The vast majority of scientists and most ration people agree that climate change is a very real and very serious phenomenon. Where many people disagree though, is what to do about it. In light of the U.S. pulling out of the Paris agreement, it has become clear that we the people may have to take matters into our own hands in order to affect change.
“I wondered why somebody didn’t do something. Then I realized, I am somebody.” — Lily Tomlin
Reducing Your Own Carbon Footprint
In order to determine your own approach to help in the fight against global warming, it is best to understand your individual impact. By using the EPA’s carbon footprint calculator, you can get a good idea of how much you are contributing to carbon emissions in the areas of transportation, home energy, and waste. It creates an estimate based on US average values, but it is important to remember that everyone’s carbon output is dependent on location, habits, and personal choices.
Changing Your Habits
We all have daily habits that we tend to complete without much thought about how they affect the world around us. This is why our routines are a good place to look for opportunities to change, which can then inspire others to think about their own individual actions. For example, if your habit is to jump in the car and drive even when you’re going to the corner store less than a mile away, make a new habit of walking or riding your bike when running errands within a reasonable distance.
To be fair, choosing not to eat meat is not a choice everyone can make. Choosing a vegetarian diet is not for everyone. However, for those of us who have dietary flexibility, choosing not to eat meat, or even just to eat less meat can have a significant impact on our carbon emissions. One study reveals that eating one pound of meat can give off more carbon than one gallon of gasoline. Reducing meat intake also has the effect of reducing demand, which will, in turn, eventually reduce production of meat.
Giving Up Plastic Bags
Plastic bags and bottles last a long, long time because they are not biodegradable. It is said that a plastic bag can last up to a century in a landfill, and a plastic bottle can essentially last forever. Plastic Bags are made with polyethylene, which is a byproduct of petroleum and natural gas. Once they do start to break down, the plastic bags release greenhouse gas emissions into the atmosphere. So essentially the plastic bag starts its life contributing to CO2 emission and does the same in its final chapter.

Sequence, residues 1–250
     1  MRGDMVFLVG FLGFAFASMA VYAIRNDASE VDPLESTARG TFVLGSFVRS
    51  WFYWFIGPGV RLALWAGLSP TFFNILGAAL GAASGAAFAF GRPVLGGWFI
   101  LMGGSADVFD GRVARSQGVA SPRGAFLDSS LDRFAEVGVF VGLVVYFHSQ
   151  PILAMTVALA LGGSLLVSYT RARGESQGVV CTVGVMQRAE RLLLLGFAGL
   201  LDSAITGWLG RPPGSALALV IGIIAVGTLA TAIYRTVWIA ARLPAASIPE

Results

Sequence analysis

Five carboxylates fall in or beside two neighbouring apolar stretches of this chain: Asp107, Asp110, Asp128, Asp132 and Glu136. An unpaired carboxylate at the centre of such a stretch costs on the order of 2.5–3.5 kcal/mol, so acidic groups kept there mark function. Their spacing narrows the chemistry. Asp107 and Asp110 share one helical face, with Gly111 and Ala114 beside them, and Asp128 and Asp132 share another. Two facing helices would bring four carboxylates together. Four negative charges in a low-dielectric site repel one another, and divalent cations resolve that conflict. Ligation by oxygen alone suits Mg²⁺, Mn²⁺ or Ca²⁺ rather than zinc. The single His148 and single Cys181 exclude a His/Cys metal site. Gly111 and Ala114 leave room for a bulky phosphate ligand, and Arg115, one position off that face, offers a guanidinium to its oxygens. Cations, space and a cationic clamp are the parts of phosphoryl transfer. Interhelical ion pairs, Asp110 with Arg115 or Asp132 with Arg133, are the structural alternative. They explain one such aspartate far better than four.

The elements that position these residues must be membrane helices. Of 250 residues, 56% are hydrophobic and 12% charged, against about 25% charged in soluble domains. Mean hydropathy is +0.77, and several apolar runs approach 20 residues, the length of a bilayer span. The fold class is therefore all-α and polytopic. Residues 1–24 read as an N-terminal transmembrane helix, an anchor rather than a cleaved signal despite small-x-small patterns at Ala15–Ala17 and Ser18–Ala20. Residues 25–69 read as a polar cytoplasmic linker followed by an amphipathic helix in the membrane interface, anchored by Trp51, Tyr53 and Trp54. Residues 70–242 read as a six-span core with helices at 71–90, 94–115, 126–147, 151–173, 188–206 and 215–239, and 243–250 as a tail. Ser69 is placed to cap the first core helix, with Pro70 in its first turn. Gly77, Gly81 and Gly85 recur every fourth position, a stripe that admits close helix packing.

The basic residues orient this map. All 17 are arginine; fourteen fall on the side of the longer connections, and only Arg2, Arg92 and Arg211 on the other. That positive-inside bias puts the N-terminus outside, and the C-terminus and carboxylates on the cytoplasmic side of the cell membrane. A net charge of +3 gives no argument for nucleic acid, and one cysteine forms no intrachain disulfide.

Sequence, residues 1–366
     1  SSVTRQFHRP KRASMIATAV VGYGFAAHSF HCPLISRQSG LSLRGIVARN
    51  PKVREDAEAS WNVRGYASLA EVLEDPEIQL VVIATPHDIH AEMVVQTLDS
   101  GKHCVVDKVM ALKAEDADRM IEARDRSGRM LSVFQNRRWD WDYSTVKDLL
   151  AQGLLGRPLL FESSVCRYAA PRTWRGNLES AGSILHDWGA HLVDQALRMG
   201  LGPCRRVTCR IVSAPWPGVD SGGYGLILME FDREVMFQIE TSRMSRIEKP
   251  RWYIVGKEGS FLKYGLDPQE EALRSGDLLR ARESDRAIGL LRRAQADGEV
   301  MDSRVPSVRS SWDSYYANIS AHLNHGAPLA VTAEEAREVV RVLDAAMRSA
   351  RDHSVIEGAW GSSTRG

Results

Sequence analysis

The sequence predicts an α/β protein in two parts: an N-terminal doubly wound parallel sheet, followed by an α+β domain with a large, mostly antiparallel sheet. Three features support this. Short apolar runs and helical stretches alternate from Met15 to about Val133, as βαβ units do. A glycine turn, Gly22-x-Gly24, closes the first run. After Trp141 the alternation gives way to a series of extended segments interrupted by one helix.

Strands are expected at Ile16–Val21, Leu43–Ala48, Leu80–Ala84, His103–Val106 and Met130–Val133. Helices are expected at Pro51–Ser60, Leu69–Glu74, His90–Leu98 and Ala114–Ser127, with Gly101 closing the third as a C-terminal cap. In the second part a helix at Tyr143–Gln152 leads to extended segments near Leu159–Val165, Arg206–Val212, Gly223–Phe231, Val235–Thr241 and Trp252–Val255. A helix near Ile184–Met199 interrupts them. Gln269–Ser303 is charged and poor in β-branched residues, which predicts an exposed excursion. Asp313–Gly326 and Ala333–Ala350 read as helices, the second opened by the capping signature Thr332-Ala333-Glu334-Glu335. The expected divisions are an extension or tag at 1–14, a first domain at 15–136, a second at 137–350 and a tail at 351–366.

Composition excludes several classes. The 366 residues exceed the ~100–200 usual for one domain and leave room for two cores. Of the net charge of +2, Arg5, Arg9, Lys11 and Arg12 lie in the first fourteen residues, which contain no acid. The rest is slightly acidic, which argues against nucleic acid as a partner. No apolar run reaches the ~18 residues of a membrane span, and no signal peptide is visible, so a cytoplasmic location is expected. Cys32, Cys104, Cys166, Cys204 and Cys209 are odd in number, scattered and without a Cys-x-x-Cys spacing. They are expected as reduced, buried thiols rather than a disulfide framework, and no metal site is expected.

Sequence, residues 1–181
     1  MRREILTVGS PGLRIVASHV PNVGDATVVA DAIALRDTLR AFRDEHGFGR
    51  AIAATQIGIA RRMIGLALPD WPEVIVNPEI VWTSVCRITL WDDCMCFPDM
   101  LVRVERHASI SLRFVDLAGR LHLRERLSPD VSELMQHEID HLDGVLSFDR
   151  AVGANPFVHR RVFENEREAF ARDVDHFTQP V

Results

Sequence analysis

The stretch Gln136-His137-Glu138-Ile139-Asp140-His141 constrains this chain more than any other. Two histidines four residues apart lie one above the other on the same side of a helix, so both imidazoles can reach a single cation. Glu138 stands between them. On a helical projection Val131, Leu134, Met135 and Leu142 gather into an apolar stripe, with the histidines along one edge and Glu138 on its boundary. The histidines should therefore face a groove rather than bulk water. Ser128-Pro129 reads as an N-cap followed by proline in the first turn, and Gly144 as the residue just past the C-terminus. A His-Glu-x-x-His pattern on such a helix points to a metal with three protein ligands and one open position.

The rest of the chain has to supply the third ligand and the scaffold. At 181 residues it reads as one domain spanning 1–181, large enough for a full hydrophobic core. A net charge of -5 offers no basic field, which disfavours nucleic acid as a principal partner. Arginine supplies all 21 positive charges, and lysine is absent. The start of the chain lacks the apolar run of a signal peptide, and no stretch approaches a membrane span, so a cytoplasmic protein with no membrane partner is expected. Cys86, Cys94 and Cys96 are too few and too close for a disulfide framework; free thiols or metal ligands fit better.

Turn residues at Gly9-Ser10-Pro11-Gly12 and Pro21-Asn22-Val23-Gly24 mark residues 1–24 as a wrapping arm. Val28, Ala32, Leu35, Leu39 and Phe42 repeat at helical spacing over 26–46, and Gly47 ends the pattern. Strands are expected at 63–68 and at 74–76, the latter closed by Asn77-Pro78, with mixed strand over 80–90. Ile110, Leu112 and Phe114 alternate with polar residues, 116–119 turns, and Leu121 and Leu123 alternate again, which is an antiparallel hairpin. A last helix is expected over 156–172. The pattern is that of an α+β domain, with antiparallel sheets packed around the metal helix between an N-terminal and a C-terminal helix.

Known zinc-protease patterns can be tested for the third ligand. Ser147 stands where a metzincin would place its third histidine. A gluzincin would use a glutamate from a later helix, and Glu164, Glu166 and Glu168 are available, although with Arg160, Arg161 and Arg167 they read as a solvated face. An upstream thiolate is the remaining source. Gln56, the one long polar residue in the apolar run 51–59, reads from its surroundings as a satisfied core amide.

Around the Home
Since most of us spend a lot of time at home, it is not difficult to imagine that this is the place where we are wasting the most resources, outside of transportation and work. However, at home and with our transportation is also where we have the most control over how we approach saving energy.
- Thermostat: Choose a programmable thermostat that you can set up to turn off while you are away, or to lower or increase the temperature by a couple of degrees to minimize energy use.
- Windows: Caulk your windows so they are properly sealed to minimize energy loss.
- Lighting: Replace standard incandescent bulbs with more energy-efficient LED or compact fluorescent bulbs, and be sure to turn off the lights when leaving a room.
- Water: Wash clothes with cold water, which can be just as effective as washing in hot water but uses less energy, and take shorter showers.
One thing is certain when it comes to climate change: Transportation is one of the biggest polluters in the current environment. One of the biggest changes you can make to reduce your impact on the environment is to ditch your car. Of course, this is made easier when you live in a place with great public transportation and lots to do in walking distance — which is why a move to the city can actually make for a pretty green lifestyle.
New GIS maps have demonstrated that there are less CO2 emissions per household in metropolitan areas when compared to areas outside of cities, because of easier and shorter commutes and access to buses, trains, and taxis.
For example, if you look at housing in the city such as Condos at Atlantic Station, in West Midtown Atlanta, accessibility to these kinds of amenities and options is one of the key benefits. These condos are within walking distance to Atlanta’s Midtown arts district, parks, public transportation, mass transit, and all sorts of dining and shopping. All of that makes owning a car unnecessary.
Even if you can’t live in a condo in the middle of the city, ditching your car or just using it less often can not only drastically reduce your carbon footprint — it can also save you money, to the tune of around $5000 in transportation costs per year.